My People (Paper 1)

The Israelites were God’s chosen people, “the Lord thy God hath chosen thee to be a special people unto himself, above all people that are upon the face of the earth”, Deut. 7. 6. Subject to their obedience to the covenant that He made with them, God promised that they would be His “peculiar treasure”: “if ye will obey my voice indeed, and keep my covenant, then ye shall be a peculiar treasure unto me above all people”, Exod. 19. 5. They said, “All that the Lord hath spoken we will do”, v. 8; cf. 24. 3, 7, despite the fact that on the first occasion the terms of the covenant had not even been communicated to them, 20. 1-17.

In Egypt. When God revealed Himself and His purpose concerning Israel to Moses at the burning bush, the Israelites had been in bondage in Egypt four hundred years, Acts 7. 6. God had foretold this to Abram long before it began, “thy seed shall be a stranger in a land that is not theirs, and shall serve them; and they shall afflict them four hundred years”, Gen. 15. 13. At the same time, God predicted their exodus from Egypt, v. 14. After so long a time of unrelieved oppression, and the death of several generations of Israelites in Egypt, it must have seemed to their successors that God had forgotten and forsaken them.

His appearance to Moses at Horeb made clear that He had not; “I have surely seen the affliction of my people which are in Egypt, and have heard their cry by reason of their taskmasters; for I know their sorrows; and I am come down to deliver them out of the hand of the Egyptians … Come now therefore, and I will send thee unto Pharaoh, that thou mayest bring forth my people … out of Egypt”, Exod 3. 7, 8, 10. Twice in this incident God affirmed that the Israelites were His people.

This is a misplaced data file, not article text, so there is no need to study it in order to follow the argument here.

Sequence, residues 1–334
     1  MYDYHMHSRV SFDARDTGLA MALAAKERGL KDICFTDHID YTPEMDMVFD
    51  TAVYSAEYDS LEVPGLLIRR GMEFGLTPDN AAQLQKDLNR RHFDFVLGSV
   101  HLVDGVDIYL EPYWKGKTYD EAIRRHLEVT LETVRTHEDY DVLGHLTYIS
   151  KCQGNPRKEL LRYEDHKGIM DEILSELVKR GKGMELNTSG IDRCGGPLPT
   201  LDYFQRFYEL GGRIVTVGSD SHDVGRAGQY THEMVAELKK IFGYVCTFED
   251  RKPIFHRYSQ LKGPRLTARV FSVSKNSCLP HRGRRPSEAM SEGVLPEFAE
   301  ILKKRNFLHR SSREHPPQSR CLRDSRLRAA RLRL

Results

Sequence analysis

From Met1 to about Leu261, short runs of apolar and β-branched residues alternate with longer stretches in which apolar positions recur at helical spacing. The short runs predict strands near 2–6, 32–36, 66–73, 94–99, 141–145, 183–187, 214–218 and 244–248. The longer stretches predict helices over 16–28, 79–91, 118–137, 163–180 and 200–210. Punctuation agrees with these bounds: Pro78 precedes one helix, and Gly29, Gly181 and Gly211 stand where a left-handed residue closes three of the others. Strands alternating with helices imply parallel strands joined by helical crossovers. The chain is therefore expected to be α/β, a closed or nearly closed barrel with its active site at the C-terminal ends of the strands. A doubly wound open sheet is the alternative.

When Moses and Aaron appeared before Pharaoh, they demanded in God’s Name, “Let my people go, that they may hold a feast unto me in the wilderness”, Exod. 5. 1, a demand to be repeated to, and as often refused by, Pharaoh, v. 2, of. 7. 16; 8. 1, 20. Even at the outset of Moses’ enforced escape from Egypt and his forty years’ sojourn in the land of Midian, Acts 7. 30, he had recognized that the Israelites were “the people of God”, Heb. 11. 25. Doubtless his mother, providentially appointed to be his nurse by Pharaoh’s daughter, told him of his origin.

In the Wilderness. God had a special interest in Israel. He wished them to be His “peculiar treasure”, Exod. 19. 5; cf. Deut. 7. 6; 14. 2, namely an enclosure, reserved exclusively for His own use. Three times they had promised to be obedient to the covenant, the first commandment of which said, “Thou shalt have no other gods before me. Thou shalt not make unto thee any graven image … Thou shalt not bow down thyself to them, nor serve them’, Exod. 20. 3-5. During Moses’ absence in the mount of God, Aaron was persuaded by the people to “make us gods, which shall go before us”, 32. 1. From their golden earrings, he fashioned “a molten calf, and they said, “These be thy gods, O Israel, which brought thee up out of the land of Egypt”, v. 4. The Lord broke off His instructions to Moses in the mount and said, “Go, get thee down; for thy people, which thou broughtest out of the land of Egypt, have corrupted themselves”, v. 7. This was virtually disowning them and the Lord would have substituted Moses and his seed for Israel, “I will make of thee a great nation”, v. 10. Daringly, Moses’ reply showed that he did not accept that the Israelites were his people, or that he had brought them out of Egypt, “Lord, why doth thy wrath wax hot against thy people, which thou hast brought forth out of the land of Egypt? … Turn from thy fierce wrath, and repent of this evil against thy people”, vv. 11-12. In the event, God repented and accepted that they were “his people”, v. 14.